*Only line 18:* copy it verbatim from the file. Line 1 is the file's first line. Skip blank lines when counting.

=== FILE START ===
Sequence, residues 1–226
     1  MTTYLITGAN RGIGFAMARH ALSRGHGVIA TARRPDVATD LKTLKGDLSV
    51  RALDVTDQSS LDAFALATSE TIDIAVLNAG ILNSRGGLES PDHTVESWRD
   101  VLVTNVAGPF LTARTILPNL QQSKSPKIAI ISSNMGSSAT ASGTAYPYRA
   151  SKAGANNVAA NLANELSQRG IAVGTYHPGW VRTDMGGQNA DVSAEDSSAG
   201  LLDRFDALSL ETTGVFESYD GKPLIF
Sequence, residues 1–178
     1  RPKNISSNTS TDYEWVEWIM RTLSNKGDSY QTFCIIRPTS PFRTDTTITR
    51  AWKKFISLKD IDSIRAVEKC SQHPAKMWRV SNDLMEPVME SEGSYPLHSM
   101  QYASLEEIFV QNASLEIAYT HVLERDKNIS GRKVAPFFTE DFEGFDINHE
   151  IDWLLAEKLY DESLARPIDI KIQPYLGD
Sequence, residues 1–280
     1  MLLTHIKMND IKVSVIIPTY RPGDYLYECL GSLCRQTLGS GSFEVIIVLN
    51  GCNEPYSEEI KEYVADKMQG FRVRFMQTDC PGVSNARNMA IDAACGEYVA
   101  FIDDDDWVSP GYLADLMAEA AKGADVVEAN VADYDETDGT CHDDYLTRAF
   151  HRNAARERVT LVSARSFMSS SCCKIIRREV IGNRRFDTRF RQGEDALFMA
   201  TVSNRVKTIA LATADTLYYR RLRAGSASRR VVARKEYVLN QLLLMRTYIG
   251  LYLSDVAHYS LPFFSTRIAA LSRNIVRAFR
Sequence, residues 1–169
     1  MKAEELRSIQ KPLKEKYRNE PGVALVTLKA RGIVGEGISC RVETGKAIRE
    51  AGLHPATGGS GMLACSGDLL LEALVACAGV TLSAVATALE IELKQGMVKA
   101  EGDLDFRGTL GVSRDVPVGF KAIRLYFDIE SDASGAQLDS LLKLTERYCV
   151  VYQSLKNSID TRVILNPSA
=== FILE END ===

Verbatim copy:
   251  LYLSDVAHYS LPFFSTRIAA LSRNIVRAFR